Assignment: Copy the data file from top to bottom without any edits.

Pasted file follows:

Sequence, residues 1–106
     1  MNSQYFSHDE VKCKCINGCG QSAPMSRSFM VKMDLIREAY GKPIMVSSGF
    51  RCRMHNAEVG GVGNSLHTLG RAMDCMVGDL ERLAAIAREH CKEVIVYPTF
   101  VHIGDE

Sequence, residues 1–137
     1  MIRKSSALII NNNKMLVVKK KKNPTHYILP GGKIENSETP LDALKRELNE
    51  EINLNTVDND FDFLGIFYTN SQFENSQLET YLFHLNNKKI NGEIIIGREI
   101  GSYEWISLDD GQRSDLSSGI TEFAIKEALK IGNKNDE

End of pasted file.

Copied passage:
Sequence, residues 1–106
     1  MNSQYFSHDE VKCKCINGCG QSAPMSRSFM VKMDLIREAY GKPIMVSSGF
    51  RCRMHNAEVG GVGNSLHTLG RAMDCMVGDL ERLAAIAREH CKEVIVYPTF
   101  VHIGDE

Sequence, residues 1–137
     1  MIRKSSALII NNNKMLVVKK KKNPTHYILP GGKIENSETP LDALKRELNE
    51  EINLNTVDND FDFLGIFYTN SQFENSQLET YLFHLNNKKI NGEIIIGREI
   101  GSYEWISLDD GQRSDLSSGI TEFAIKEALK IGNKNDE